Top Middle and Bottom Notes: The End of the Road for a Theory?       

Every so often an idea or an article comes along which challenges the way we have traditionally looked at things. Such an article is described below; it is to do with the assessment of odours, which is a complex area, and now subject to a number of newer techniques. Although we may improve and refine our approaches in the art of odour description, we still fall back on some basic concepts. 

The Ancient Greeks 
To the Greek civilisation odour vocabulary was a problem and Aristotle explored the close relationship between smelling and emotion, and because the olfactory apparatus could be grounded in emotions like pleasure and pain, it was deemed incapable of transcending its physical matrix. Further, this emotional grounding was perceived to be responsible for the lack of odour vocabulary. We have come a long way since those times, but odour vocabulary is still a problem to the lay-person, who often has few words to describe smells in a way which will convey an accurate impression from one person to another. Perfumers have had to find words, and ways and means of describing their endeavours, and the system that has endured is based on the evaporative profile (see below). 

Classical Top, Middle & Bottom Notes 
Much of the way we consider, describe and even design perfumes over the last several decades has been derived from the concept of top, middle and bottom notes. This concept is derives from the idea that a perfume will have layers of fragrance which can be progressively stripped away by normal evaporative processes. Thus when a perfume is freshly dipped onto a perfumer's strip (or daubed on the skin) the top note is initially perceived which progressively gives way to the top and bottom notes. We can say:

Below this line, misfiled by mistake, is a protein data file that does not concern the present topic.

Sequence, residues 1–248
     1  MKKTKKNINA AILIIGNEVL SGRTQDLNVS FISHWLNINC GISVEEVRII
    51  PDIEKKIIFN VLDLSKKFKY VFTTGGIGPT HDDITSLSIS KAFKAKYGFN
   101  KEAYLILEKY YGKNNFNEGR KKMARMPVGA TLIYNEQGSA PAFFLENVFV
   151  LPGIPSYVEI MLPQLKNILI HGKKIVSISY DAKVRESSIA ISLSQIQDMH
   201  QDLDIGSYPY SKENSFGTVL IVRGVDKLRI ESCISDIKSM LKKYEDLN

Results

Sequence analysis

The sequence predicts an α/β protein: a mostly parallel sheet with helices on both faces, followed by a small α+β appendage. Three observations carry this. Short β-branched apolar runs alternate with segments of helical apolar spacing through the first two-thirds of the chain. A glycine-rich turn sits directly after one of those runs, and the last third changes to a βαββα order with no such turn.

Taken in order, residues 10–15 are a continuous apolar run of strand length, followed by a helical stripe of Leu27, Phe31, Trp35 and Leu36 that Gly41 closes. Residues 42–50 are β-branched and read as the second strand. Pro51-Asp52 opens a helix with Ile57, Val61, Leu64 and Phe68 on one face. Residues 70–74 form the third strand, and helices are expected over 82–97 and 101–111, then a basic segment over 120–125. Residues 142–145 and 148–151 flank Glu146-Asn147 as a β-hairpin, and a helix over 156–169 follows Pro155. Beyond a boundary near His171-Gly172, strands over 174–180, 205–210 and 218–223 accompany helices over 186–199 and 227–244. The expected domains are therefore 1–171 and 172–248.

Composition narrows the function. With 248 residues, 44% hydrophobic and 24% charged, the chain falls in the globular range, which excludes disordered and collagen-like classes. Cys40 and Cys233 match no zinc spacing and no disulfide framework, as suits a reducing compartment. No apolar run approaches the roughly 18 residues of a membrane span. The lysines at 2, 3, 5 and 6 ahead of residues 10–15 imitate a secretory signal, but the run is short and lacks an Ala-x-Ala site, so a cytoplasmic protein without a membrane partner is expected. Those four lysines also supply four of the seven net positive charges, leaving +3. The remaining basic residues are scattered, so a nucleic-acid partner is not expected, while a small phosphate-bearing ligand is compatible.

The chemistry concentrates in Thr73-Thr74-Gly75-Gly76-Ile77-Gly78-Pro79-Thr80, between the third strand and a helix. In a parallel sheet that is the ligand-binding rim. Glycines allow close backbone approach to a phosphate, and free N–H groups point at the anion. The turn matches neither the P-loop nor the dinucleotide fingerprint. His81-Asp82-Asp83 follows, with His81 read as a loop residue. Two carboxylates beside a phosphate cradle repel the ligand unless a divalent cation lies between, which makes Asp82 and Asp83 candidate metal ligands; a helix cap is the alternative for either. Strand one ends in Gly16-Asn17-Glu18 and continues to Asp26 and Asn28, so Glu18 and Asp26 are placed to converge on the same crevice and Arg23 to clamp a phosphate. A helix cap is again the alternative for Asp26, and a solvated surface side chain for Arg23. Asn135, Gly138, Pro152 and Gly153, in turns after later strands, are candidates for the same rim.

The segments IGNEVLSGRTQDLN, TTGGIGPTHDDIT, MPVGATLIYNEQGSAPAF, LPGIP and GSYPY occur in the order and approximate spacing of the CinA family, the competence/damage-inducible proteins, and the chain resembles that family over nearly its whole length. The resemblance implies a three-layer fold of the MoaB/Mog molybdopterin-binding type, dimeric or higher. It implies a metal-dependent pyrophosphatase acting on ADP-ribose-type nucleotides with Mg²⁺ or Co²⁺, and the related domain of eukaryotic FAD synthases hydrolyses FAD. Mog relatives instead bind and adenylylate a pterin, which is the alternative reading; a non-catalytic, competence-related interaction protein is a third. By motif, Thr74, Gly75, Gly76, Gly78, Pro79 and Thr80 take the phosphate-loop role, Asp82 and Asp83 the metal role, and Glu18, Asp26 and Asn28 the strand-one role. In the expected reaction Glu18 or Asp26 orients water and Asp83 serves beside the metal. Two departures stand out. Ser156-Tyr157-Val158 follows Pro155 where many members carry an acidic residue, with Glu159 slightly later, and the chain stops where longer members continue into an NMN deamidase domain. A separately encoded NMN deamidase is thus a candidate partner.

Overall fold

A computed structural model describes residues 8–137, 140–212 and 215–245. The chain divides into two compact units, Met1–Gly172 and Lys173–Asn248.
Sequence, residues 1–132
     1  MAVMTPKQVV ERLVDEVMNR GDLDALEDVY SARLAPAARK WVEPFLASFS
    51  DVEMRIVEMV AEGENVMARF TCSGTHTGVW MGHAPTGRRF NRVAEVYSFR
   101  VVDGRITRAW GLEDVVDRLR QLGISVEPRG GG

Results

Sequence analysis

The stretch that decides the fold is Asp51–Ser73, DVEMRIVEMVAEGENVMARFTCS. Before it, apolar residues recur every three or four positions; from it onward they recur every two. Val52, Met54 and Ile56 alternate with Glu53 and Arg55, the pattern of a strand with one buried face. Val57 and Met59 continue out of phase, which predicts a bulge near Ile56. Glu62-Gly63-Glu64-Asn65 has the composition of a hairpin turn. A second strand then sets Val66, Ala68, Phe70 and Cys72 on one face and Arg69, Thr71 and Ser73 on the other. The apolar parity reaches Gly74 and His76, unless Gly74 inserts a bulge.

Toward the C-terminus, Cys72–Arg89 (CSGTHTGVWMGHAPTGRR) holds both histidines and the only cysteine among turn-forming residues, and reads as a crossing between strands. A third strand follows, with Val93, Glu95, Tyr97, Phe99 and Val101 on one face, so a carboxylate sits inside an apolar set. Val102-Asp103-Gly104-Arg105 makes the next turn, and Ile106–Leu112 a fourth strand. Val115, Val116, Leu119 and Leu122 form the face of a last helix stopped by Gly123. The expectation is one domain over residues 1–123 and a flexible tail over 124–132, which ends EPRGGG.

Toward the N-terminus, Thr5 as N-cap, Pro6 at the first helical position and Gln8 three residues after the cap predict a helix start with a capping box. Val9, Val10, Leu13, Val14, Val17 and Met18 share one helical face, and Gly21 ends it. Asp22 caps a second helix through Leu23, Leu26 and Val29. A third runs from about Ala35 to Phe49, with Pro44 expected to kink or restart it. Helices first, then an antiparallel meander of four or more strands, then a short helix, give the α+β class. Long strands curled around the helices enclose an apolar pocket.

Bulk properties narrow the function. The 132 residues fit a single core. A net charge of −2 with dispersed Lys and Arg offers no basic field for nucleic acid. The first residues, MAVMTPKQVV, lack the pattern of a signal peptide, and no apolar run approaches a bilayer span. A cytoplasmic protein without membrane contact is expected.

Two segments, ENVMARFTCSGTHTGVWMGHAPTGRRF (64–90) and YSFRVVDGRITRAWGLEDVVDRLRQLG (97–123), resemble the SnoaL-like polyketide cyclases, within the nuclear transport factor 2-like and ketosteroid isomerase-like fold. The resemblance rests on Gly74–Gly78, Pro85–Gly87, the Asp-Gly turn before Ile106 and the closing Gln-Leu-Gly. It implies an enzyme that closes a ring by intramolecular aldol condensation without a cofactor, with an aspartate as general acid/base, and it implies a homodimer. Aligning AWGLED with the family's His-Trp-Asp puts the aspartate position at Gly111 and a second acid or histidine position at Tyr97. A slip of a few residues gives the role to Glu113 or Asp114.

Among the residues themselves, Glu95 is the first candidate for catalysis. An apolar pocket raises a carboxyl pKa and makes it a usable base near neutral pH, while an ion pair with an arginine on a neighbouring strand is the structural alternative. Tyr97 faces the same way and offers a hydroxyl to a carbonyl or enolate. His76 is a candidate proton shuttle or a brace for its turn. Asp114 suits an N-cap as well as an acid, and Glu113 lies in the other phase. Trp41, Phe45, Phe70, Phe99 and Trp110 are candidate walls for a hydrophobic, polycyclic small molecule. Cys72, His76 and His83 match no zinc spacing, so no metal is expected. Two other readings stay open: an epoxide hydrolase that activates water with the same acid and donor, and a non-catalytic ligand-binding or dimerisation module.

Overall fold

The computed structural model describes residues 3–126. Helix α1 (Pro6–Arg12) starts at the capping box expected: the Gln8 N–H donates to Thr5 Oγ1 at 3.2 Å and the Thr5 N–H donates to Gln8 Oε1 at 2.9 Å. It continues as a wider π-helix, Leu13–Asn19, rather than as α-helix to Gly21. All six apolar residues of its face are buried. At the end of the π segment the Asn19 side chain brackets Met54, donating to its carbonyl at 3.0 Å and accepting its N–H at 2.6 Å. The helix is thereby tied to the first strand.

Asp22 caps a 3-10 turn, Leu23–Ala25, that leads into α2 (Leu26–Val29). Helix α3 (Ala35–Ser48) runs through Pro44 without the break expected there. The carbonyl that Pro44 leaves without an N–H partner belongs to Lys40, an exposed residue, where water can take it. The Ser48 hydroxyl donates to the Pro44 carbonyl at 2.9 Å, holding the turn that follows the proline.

Top Note
The more volatile materials in the perfume give the first impression of the odour. 

Middle Note
Bears the main theme of the fragrance 

End Note
Traditionally regarded as fixing the perfume, consists of the long lasting notes.

Obviously the basis of this hinges on the fact the raw materials employed in perfumery differ in their relative volatility: the sharp fresh impression made by ethyl formate for example may flash off from a perfumer's strip within seconds or minutes, but the creamy precious wood notes of sandalwood oil may still be discernible on a dry-out 6 weeks later. 

Returning to the performance of our perfume on the strip, ideally, the perfume should evaporate smoothly from top note to end note, with the fragrance theme apparent at every stage. This is more likely to happen in a fine alcoholic fragrance of course than in a household fragrance, which are less sophisticated/subtle. The concept of top, middle and bottom notes is deeply embedded in the philosophy of perfumery, and is unlikely to ever completely die, whatever new theory comes along. Whilst the ideas here are useful for the newcomer to fragrance creation, it is probably not the case that experienced working perfumers really worry too much about ratios of top: middle: bottom notes in their creative and matching work - certainly not in my experience. It has to be said that Cares, for example, describes this analytical approach in detail in a translation of a 1961 article in French which subsequently appeared in Soap Perfumery & Cosmetics 35: 328-335 (1962) which he dramatically applies to Air du Temps. Paraphrasing his words however, he concludes that eventually the student perfumer will impose his own classification himself. The term (or concept) of "fixative" also seems somewhat out of favour now; it is not used so much anymore. It represents the idea that somehow by incorporating a suitably harmonious high-boiling, low volatility material in the fragrance formulation somehow the evaporation of the more volatile components is slowed. In fact we still see this described as late as 1978: see Jellineck J.S. (1978) "Fixation in perfumery - what we understand" Perfumer & Flavourist 3(4): 27-31.